TransitKC

Car-Free & Carefree, Part 4: Forest Park

By Joe Medley

I had intended to do a second post on Saturday, but things didn’t quite go as planed. I found out at the last minute that my meeting started two hours earlier than I realized. This sucked up all of my spare writing time yesterday. Then I had trouble finding a free wireless hot spot. So here’s part IV a little late.

On Saturday, I looked specifically to see if it were possible for someone to live without a car in the St. Louis area. About midday, I noticed that I had seen yet another transit rider toting a bicycle. Although there are plenty of cyclist in Kansas City, my impression is that I saw more people using it as a primary means of transportation than I had ever seen in Kansas City. This is just an impression, so I could be wrong. I would imagine that good public transit makes this easier by helping a cyclist cover longer distances. Obviously, cyclists are limited in the shopping that they can do, but is useful for getting to work, going to a baseball game, or visiting a friend.

I found an area outside the Forest Park stop where apartments, houses, shops, a bus stop, a park-and-ride lot, and the entrance to a major city park were all within 100 yards of the MetroLink station. This spot lacked a few local services like a grocery store, hardware store, and a drug store. I didn’t have the time to find out how far away these services were, or whether I could get to them by foot, rail, or bus.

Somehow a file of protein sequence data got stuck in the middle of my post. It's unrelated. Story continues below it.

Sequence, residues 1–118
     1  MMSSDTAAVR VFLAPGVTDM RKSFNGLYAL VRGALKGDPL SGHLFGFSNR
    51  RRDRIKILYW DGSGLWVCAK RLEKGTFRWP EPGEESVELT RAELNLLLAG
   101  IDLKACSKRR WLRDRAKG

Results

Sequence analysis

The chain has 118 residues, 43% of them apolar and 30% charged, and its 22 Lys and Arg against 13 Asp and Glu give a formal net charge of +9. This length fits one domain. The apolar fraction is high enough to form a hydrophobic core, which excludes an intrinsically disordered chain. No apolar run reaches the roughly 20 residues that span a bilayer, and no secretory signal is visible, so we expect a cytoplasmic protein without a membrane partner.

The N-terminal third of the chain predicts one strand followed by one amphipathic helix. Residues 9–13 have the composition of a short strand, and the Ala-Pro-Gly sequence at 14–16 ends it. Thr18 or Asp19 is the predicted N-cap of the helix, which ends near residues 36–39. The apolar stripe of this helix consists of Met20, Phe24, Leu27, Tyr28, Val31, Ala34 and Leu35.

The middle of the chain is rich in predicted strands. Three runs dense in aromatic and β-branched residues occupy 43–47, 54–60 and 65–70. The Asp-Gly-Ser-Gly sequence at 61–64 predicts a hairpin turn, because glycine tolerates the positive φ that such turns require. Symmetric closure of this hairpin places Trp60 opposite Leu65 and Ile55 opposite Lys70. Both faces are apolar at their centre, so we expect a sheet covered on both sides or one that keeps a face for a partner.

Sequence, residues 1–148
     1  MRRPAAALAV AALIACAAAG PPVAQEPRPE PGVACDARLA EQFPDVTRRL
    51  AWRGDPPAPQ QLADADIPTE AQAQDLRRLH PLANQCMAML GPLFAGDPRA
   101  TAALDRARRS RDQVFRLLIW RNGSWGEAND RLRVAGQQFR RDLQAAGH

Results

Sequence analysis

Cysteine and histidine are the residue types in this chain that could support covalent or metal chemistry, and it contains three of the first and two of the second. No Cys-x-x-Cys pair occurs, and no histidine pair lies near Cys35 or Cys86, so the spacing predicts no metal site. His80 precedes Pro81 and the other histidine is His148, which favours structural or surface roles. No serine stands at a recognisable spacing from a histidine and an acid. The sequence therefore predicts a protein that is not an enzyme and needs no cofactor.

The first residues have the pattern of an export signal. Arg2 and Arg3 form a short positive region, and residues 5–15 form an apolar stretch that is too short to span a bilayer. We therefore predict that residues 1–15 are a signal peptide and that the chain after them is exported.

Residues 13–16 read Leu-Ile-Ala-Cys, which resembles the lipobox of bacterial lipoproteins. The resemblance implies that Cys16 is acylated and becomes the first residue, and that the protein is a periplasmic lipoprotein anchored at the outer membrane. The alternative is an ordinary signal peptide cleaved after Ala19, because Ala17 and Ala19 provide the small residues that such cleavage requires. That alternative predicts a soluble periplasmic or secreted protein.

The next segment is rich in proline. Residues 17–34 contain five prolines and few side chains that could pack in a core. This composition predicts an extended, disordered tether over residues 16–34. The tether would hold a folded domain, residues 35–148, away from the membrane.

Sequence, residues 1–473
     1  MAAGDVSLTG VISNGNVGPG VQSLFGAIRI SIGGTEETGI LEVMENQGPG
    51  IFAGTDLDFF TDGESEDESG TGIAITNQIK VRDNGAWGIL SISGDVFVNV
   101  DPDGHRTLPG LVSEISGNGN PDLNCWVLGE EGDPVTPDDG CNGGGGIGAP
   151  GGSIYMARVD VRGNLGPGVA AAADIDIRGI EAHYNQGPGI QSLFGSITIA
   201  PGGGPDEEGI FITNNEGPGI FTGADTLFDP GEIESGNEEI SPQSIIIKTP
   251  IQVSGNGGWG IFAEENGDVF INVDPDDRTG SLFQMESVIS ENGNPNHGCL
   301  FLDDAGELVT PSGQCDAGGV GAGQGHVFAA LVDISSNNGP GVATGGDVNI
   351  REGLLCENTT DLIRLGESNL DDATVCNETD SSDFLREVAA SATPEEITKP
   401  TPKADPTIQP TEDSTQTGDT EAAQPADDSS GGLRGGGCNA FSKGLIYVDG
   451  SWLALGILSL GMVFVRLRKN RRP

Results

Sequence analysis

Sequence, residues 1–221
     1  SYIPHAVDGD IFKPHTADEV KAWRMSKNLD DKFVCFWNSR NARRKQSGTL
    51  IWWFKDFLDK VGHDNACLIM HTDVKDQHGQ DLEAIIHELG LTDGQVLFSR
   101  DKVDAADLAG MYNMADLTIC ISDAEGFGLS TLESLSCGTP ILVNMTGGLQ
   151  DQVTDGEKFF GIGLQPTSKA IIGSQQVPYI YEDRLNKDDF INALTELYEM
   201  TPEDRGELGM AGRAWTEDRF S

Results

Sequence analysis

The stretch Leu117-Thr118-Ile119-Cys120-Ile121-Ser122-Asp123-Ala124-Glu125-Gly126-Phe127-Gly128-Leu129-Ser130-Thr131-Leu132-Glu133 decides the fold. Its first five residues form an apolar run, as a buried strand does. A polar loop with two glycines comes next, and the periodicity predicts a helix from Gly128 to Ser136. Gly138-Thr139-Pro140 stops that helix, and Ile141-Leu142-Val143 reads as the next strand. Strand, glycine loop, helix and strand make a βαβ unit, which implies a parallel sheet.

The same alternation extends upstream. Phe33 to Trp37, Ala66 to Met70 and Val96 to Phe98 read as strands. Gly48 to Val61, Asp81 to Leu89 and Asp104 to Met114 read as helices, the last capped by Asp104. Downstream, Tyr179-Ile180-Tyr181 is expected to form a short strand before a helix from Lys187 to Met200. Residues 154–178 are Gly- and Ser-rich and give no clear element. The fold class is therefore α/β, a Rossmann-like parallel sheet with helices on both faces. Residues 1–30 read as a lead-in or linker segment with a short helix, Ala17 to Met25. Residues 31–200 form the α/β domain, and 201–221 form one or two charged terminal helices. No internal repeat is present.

Yet, just being able to take a transit system to work is a noteworthy start. I recently guestimated that the 3/8 cent sales tax supporting the KCATA is costing me less than $100 a year. If I start taking the bus to work again, I’ll spend $1500 a year. Out at North Hanley, there is public use parking garage right next to the MetroLink station. Even this will save residents money by decreasing the amount that a commuter will spend on gas, parking, and insurance.

2 comments

2 Comments so far

  1. Patrick L. April 7th, 2008 1:31 pm

    Curious about the bicycle comments. I would add that I think the physical geography of KC is a setback to bicycles. I ride a bike a lot and the first thing someone notices on a bike here is that this town is far from flat. Many other major cities I have been to are much more friendly for bicycles not only for their bicycle lanes but also the fact that they are not very hilly. Even Denver, situated next to the mountains is amazingly flat along with St. Louis, Chicago, Boston, Washington, D.C., New York, etc…

  2. Paul April 8th, 2008 10:30 pm

    Joe
    I don’t know which edge of Forest Park you were on, but on the South and Western edges you have pretty good acess to areas where you would find grocery, hardware stores, restaurants etc. Even a hundred years ago when I lived there, bus service was readily available.